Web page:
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If there is a rent or eviction moratorium in place for an extended period in a particular jurisdiction, so that tenants are not paying rent, can they eventually acquire adverse possession?

By "a rent or eviction moratorium" is intended a situation where landlords are prohibited from carrying out evictions for non-payment of rent, and possibly for some other reasons as well.

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  • Yep, I thought that was the case. I suppose a related question would be whether a tenant could claim what some call "squatters rights"
    – Rock Ape
    Aug 2 at 22:20
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    A "rent moratorium" is when the government pays your rent for you as a matter of policy. What's gone on for the last year is an eviction moratorium. Anyone who got "clever" and decided that means they can get away with not paying rent and therefore it's a rent moratorium... haha, that person is in for a very rude surprise. Aug 3 at 6:23
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    @Rock Ape "squatters rights" is just an informal name for adverse possession Aug 3 at 13:23
  • @David Siegel Hmm, I'm considering answering my related question myself and have found this: The property must not be in use or already occupied for squatters to begin an adverse possession claim, although I've not read the detail.
    – Rock Ape
    Aug 3 at 13:30
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    @Rock ape I think there are some errors on that page, I would try to find a 2nd source before using it. Aug 3 at 13:34
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No

A tenant cannot acquire adverse possession. As describe in the LII Article on "Adverse Possesion", one of the requirements for establishing adverse possession is that possession must be:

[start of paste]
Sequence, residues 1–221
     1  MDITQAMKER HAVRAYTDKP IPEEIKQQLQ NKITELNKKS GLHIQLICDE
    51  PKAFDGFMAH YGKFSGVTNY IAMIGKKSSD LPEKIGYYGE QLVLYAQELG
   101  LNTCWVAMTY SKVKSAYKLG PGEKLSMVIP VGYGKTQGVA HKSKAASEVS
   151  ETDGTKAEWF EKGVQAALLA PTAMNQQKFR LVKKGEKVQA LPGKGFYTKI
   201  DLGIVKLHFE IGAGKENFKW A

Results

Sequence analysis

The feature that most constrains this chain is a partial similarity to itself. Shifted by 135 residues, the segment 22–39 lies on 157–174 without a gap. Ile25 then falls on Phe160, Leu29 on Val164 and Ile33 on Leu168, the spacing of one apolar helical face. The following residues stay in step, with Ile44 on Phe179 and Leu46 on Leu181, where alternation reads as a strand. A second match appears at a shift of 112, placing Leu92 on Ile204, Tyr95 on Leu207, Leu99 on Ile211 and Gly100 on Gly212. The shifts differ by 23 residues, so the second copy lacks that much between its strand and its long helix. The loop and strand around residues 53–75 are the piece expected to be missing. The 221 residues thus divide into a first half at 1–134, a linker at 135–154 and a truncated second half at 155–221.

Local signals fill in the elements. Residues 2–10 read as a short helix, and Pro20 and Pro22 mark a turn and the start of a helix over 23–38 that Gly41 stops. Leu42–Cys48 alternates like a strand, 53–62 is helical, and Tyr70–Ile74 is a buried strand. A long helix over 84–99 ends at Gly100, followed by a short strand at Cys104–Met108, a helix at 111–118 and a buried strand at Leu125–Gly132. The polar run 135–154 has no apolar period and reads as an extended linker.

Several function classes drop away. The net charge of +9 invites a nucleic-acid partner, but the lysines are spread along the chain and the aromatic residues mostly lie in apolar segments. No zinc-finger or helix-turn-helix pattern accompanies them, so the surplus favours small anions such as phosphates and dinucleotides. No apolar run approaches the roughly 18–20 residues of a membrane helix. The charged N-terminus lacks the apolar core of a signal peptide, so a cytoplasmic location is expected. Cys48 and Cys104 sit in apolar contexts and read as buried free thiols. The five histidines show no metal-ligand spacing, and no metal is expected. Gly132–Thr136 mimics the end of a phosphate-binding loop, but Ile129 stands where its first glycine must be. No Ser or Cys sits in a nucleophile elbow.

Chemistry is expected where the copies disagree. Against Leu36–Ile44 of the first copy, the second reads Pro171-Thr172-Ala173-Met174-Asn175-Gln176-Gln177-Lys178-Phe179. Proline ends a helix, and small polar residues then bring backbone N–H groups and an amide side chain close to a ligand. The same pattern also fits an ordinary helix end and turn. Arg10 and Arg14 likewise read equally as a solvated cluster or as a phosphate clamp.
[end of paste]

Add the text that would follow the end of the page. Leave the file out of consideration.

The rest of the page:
Hostile--In this context, "hostile" does not mean "unfriendly." Rather, it means that the possession infringes on the rights of the true owner. If the true owner consents or gives license to the adverse possessor's use of the property, possession is not hostile and it is not really adverse possession. Renters cannot be adverse possessors of the rented property, regardless of how long they possess it.

(My emphasis)

This is the classic common law rule. The Justia article on the topic says:

The occupation must be hostile and adverse to the interests of the true owner. If a landowner has given a person permission to use the property, the possession is not considered hostile. However, a landowner is not required to have actual knowledge of the occupation, so long as the occupation is adverse to the owner's property interests. For example, a landowner may be unaware that his neighbor's fence extends several feet over his property line. The occupation is sufficiently hostile, however, because the landowner has not given his neighbor permission to encroach upon his property in this manner.

The Nolo article on this topic says:

Adverse Possession Requires a Hostile Claim

The word "hostile" doesn't mean that the trespasser rides in on a horse with six-shooters blazing. Instead, courts follow one of three legal definitions of "hostile" when it comes to adverse possession.